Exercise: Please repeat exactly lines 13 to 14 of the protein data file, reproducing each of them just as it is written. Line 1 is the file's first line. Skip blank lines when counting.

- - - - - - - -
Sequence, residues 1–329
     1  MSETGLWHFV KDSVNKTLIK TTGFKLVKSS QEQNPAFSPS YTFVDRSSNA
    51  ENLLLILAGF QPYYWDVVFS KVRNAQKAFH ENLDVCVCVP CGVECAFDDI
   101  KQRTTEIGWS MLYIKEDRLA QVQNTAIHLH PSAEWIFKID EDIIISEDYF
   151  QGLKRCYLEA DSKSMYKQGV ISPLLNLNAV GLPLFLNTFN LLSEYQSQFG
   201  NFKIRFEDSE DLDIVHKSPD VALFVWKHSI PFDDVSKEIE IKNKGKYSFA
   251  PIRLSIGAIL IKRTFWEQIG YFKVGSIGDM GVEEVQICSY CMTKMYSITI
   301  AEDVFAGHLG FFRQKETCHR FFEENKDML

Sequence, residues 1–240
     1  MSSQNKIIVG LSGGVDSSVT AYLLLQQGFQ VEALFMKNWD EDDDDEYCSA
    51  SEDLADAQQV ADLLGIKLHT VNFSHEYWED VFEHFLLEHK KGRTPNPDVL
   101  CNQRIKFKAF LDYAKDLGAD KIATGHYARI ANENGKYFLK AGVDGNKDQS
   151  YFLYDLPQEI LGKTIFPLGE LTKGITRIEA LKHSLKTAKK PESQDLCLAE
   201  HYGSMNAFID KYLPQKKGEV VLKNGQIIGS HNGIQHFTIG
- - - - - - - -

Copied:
   151  YFLYDLPQEI LGKTIFPLGE LTKGITRIEA LKHSLKTAKK PESQDLCLAE
   201  HYGSMNAFID KYLPQKKGEV VLKNGQIIGS HNGIQHFTIG